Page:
Shipping industry finds course in automated navigation

Courtesy of the Nippon Foundation
Officials look at monitors at an onshore support center to watch container ship Suzaku, operated by an automated navigation system.

The shipping and shipbuilding industries are focusing their efforts on automated navigation systems, aiming to resolve such issues as the aging of seafarers and chronic staff shortages. An ongoing government-supported project is expected to be put into practical use by 2025.

Test trials were conducted for the project led by the Nippon Foundation between February and March this year. The 749-ton container ship Suzaku made a round trip between Tokyo Port and Tsumatsusaka Port in Mie Prefecture in four days, using an automated navigation system.

In automatic navigation systems, artificial intelligence analyzes the surrounding vessels and obstacles seen by onboard cameras, and then selects the best route for the vessel to navigate unmanned.

In the test trials, the captain and four other crew members were onboard in case an unexpected situation occurred, and the vessel was constantly monitored via satellite from the onshore support center in Chiba City. Should it be deemed necessary, the vessel could be controlled remotely from the center.

In the end, however, 97% of the 790-kilometer voyage was operated by the automated system.

Tokyo Bay, the departure point, and Ise Bay, where Tsumatsusaka Port is located, are considered to be among the world’s busiest waters.

“We were able to achieve results in difficult channels. This could help Japan to lead the world in the field of unmanned vessels,” said Yohei Sasakawa, chairman of the Nippon Foundation.

Total costs for the project stand at about ¥8.8 billion, and some 50 firms have participated. The goal is to achieve a certain level of automated navigation by 2025 and to realize completely unmanned navigation by 2040.

Tests for high-speed navigation, as well as departure and docking, have also been conducted on small tour boats and large car ferries.

Hopes for fewer accidents

In December 2020, the Land, Infrastructure, Transport and Tourism Ministry created safety guidelines for the development and design of vessels equipped with automated navigation systems.

The guidelines set out basic principles that “the division of roles between humans and systems should be clarified” and “the crew should be able to activate or deactivate the system at will.”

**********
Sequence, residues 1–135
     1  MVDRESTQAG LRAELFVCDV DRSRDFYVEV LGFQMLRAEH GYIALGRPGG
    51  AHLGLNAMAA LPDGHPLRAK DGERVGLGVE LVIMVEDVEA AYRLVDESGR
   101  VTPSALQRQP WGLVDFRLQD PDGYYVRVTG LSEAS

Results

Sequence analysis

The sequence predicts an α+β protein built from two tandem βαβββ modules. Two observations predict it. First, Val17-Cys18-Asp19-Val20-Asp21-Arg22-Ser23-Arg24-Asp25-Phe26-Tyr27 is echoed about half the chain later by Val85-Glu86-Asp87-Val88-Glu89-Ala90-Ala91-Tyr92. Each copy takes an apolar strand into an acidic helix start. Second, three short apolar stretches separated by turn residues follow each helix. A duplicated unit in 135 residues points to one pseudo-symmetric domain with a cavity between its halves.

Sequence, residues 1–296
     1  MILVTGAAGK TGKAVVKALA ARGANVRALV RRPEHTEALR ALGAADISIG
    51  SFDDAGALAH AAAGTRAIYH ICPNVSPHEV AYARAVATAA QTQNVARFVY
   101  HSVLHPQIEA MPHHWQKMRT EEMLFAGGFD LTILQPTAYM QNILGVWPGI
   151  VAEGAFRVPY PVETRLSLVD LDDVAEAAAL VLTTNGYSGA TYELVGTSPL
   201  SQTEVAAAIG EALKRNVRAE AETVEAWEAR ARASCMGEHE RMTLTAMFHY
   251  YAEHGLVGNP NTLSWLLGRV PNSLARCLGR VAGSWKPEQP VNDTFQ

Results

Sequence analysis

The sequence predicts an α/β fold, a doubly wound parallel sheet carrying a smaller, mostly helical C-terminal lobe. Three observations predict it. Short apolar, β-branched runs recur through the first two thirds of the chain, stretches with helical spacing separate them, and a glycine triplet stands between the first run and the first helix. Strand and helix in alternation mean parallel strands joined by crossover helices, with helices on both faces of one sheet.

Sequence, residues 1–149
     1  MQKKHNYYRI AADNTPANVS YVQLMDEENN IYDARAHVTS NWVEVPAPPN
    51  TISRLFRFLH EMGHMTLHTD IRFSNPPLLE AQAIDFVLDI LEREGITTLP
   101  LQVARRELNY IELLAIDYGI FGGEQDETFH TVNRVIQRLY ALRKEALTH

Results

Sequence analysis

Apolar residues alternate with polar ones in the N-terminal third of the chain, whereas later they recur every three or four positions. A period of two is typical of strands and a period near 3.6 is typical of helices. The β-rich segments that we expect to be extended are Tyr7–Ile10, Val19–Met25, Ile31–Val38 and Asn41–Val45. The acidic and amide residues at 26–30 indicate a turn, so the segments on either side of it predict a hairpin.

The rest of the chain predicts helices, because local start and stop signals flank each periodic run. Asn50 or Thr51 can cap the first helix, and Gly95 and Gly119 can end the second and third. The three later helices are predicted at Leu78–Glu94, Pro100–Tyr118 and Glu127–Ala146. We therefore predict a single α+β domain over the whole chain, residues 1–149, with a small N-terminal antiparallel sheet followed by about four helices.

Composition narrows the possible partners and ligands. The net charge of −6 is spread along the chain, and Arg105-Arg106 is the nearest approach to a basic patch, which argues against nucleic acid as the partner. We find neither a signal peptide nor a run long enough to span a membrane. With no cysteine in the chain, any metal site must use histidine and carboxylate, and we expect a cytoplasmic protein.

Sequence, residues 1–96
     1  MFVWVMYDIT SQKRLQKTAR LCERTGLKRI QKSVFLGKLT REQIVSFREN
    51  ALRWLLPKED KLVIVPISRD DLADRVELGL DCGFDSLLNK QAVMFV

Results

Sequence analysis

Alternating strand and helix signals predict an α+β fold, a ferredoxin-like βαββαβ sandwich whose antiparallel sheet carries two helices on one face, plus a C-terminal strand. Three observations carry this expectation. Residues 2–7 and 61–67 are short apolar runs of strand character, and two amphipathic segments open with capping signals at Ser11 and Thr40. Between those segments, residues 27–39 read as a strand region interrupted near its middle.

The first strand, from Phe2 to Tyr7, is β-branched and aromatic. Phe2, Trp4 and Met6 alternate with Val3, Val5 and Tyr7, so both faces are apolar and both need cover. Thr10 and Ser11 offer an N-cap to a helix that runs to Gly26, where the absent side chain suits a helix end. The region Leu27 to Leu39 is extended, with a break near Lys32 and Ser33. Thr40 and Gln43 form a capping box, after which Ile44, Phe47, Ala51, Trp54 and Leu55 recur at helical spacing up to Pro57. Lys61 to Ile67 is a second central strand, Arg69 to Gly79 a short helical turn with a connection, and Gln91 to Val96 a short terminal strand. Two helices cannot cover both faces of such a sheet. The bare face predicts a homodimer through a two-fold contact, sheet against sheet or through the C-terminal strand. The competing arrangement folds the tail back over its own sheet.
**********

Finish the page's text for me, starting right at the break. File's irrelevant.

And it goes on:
Apart from the Nippon Foundation project, test trials have been conducted in three fields: operation, departure and docking, and remote operation.

Behind the joint effort of public and private sectors is a sense of urgency in the industry arising from a labor shortage.

Among seafarers engaged in domestic marine transport of cargo and passengers, nearly half are 50 or older, and over 20% are 60 or older.

The total number of seafarers has remained flat at around 28,000 for the past 10 years. However, the job-to-applicants ratio for cargo ships has stood at a little over 2 to 1 since 2017, indicating a chronic labor shortage.

About 80% of cargo ship collisions occur because of human error in operation and watchkeeping. “Automation could contribute greatly to improving the work environment and reducing the number of accidents,” a transport ministry official said.

Chance to lead the world

The effort also could help the shipbuilding industry regain its footing.

Japan had the largest share of the global shipbuilding market until the 1990s. Now the market has been overtaken by China, which controls 40% of the market, and South Korea, which controls 31%. Japan’s share stands at 22%.

Being the global front-runner in the filed of automated navigation technology could lead to the revitalization of the shipbuilding industry.

“This could bring in new business opportunities, such as ocean transportation to remote islands,” said an official at Mitsui O.S.K. Lines, Ltd., a transport company taking part in the Nippon Foundation project.

Efforts have begun to create international rules on the practical application of this technology.

The International Maritime Organization has been holding discussions on such issues as liability in the event of an accident and qualifications for operating such ships remotely.

“Substantial progress has been made to put automated navigation technology into practical use,” said Keiji Habara, a visiting professor at Kobe University and an expert on maritime risk management. “For Japan to take the initiative in creating international standards for both technology and systems, across-the-board and continued efforts are necessary. This is a crucial time.”